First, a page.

Up Close with the MB&F LM101 Frost in Yellow Gold (Original Photos & Review)

Uncharacteristically classical for an MB&F wristwatch, the LM101 Frost is inspired by 18th century pocket watches with its finely frosted finish in yellow gold gilt.

Arguably the most classical wristwatch from MB&F, best known for its timepieces that resemble spacecraft, the LM101 Frost takes its cues from vintage pocket watches. It is decorated, front and back, with a fine frosted finish, the only MB&F watch to date finished in this manner.

While all other Legacy Machines, namely the LM1 and LM2, are carefully finished, they are decorated in a more conventional manner, with rhodium-plated bridges covered in Côtes de Genève, parallel lines ground into the metal. The LM101, on the other hand, is entirely frosted, front and back.

An old school look A gilded surface treated to give it a fine, grained texture, frosted finishes were typical in 18th century pocket watches; the original Breguet pocket watches, for instance, were mostly finished in this manner. Today a frosted finish is often employed by independent watchmakers who want to emulate that classic, 18th century look. Greubel Forsey and Roger W. Smith are two watchmakers that use a frosted finish exclusively, while F.P. Journe did it for his Historical Anniversary Tourbillon T30. Given that the Legacy Machine series was conceived as a homage to classical watchmaking, the finish on the LM101 is conceptually congruent. The watch is essentially a more elaborately finished variant of the original LM101, introduced in 2014 as the entry-level MB&F wristwatch.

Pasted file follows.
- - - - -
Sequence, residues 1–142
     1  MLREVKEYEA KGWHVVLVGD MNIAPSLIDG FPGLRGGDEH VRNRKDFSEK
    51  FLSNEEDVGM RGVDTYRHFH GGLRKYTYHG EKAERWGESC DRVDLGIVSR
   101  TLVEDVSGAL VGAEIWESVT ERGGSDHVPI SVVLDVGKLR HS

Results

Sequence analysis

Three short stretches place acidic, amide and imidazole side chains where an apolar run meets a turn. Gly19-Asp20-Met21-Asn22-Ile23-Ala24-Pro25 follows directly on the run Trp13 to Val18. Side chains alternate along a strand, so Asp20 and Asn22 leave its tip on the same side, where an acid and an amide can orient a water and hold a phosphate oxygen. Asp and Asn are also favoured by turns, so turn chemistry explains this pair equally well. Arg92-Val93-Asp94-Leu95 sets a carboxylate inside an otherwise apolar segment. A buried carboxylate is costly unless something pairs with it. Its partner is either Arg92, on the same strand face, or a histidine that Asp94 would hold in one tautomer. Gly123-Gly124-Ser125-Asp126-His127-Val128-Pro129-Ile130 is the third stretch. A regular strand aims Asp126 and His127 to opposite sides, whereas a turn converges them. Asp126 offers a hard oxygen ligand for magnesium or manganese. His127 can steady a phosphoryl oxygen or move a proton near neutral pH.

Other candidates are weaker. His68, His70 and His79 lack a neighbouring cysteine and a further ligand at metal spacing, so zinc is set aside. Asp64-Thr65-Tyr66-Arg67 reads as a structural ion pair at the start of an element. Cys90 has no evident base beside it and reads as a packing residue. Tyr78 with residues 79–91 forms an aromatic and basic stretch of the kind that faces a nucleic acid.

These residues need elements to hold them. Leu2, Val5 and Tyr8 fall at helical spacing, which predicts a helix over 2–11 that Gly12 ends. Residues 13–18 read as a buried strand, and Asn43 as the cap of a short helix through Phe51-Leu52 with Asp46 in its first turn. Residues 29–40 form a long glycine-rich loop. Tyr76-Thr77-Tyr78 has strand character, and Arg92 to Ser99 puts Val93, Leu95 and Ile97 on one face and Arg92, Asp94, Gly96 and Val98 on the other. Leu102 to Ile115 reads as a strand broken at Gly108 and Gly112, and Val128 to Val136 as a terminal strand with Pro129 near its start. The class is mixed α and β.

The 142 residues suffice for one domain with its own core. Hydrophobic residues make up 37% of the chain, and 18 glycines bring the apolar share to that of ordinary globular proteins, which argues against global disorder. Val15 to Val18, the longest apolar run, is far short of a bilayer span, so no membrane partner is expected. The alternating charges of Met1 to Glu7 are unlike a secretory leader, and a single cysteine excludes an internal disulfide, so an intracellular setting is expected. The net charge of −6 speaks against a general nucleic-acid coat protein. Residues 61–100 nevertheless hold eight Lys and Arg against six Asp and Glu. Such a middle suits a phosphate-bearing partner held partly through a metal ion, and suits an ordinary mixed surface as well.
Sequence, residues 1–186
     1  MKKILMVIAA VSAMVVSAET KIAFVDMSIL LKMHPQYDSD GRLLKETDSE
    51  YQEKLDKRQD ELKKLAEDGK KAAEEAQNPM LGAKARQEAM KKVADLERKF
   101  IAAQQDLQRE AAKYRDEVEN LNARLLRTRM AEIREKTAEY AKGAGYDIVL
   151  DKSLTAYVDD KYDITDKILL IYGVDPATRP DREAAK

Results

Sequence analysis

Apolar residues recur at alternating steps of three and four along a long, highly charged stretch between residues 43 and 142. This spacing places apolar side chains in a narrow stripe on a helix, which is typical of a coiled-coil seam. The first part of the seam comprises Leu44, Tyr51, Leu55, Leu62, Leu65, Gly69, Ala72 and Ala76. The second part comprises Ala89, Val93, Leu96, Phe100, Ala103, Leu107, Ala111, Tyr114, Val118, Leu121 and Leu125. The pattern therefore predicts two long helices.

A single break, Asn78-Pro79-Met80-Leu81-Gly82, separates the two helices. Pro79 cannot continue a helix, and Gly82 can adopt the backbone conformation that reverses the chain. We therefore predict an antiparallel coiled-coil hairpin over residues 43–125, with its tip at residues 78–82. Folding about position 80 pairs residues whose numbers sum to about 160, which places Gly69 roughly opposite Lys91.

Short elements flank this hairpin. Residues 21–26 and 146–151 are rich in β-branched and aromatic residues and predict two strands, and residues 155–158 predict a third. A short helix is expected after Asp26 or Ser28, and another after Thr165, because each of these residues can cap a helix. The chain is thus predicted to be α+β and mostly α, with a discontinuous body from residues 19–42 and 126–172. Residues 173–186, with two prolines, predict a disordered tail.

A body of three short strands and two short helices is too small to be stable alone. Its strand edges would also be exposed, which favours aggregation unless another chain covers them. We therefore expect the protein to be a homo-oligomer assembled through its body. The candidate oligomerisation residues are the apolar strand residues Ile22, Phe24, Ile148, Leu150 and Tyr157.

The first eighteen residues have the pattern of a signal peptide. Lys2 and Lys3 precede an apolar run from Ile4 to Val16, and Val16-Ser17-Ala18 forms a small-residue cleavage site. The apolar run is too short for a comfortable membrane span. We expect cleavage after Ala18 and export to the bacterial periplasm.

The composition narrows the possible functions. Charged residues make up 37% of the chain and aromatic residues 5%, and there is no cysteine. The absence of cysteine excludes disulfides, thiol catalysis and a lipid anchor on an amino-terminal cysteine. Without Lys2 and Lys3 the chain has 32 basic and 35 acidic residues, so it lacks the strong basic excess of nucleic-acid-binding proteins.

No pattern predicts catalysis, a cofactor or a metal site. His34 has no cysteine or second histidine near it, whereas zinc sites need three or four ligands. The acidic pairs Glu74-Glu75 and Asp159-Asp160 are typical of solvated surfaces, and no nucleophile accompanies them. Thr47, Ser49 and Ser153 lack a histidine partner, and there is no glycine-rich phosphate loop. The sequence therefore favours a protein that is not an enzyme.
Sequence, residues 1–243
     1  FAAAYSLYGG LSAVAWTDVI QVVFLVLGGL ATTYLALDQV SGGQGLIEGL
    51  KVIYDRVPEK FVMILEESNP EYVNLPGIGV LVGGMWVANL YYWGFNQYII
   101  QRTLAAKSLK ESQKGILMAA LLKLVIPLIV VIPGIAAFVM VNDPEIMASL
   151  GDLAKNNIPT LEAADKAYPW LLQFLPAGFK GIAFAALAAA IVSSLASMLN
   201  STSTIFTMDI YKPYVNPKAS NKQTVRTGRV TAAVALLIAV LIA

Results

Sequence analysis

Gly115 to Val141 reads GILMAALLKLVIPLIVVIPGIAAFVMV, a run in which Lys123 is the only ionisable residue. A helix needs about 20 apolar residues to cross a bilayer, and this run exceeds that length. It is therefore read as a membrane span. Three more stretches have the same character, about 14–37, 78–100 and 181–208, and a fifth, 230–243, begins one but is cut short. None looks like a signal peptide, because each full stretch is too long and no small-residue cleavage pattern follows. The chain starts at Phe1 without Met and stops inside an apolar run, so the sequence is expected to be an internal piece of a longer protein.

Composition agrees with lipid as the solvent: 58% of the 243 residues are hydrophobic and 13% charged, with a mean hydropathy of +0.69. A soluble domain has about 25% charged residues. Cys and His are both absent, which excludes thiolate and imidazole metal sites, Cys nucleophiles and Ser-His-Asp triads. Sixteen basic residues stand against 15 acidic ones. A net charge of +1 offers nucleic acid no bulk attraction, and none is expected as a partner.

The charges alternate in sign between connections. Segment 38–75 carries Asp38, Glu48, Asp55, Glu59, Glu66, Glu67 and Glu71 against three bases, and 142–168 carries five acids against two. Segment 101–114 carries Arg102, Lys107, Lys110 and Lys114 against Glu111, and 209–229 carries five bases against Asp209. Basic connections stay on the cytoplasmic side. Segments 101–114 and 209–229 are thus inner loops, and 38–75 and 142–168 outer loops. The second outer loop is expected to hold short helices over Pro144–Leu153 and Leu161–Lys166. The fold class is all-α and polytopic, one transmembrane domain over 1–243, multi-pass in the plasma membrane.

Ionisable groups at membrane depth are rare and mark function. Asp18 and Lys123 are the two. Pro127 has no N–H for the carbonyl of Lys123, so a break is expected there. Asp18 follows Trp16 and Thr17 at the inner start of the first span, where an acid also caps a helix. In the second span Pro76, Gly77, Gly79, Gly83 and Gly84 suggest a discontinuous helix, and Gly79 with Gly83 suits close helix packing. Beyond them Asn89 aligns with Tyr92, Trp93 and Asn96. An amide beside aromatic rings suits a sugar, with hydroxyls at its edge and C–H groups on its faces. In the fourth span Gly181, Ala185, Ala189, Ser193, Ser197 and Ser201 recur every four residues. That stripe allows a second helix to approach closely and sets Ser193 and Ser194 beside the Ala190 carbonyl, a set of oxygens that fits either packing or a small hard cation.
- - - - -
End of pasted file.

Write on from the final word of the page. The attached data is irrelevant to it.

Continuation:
The frosted finish gives this watch a smooth and refined feel, and one that is tangibly more traditional than the other Legacy Machines. And the fact that this is yellow gold, the same metal most high-end pocket watches are made of, adds to its appeal. Notably this is the only serially produced MB&F wristwatch in yellow gold; the only one MB&F in this alloy was a one-off HM4. Mechanically the LM101 Frost is identical: it shows the hours, minutes and power reserve on two sub-dials, with an enormous balance wheel suspended over them. The dial is entirely frosted, with the finish accomplished by hand using a wire brush. That’s in contrast to mass produced frosted finishing that is done by bead blasting.

The escape wheel and pallet fork sit in-between the base of the V-shaped balance bridge

Though the sub-dials resemble enamel, they are actually lacquered, comprised of a white base with a clear and glossy layer of lacquer above. The markings on the sub-dials are printed on the clear lacquer, so up close they float slightly above the white base.

The movement has been similarly finished, with all the surfaces of the bridges frosted. Each bridge has its shape highlighted by the polished bevels. Similarly bevelling is found on the countersinks of each screw and jewel.  Designed by MB&F itself but with the help of Kari Voutilainen, the movement was also conceived to resemble a pocket watch calibre. Take for example the bridges, which are widely spaced, leaving channels between them where the base plate is visible. In contrast, modern movements tend to have the bridges close together. The only element of the movement that is distinctly modern are the wheels for winding and the barrel.

Pricing The case is 40mm in diameter, making this the smallest MB&F ever, and available in yellow or red gold. The yellow gold version pictured here is limited to 18 pieces, while the red gold model is limited to 33 pieces. Both cost SFr58,000 before taxes, equivalent to US$57,000.

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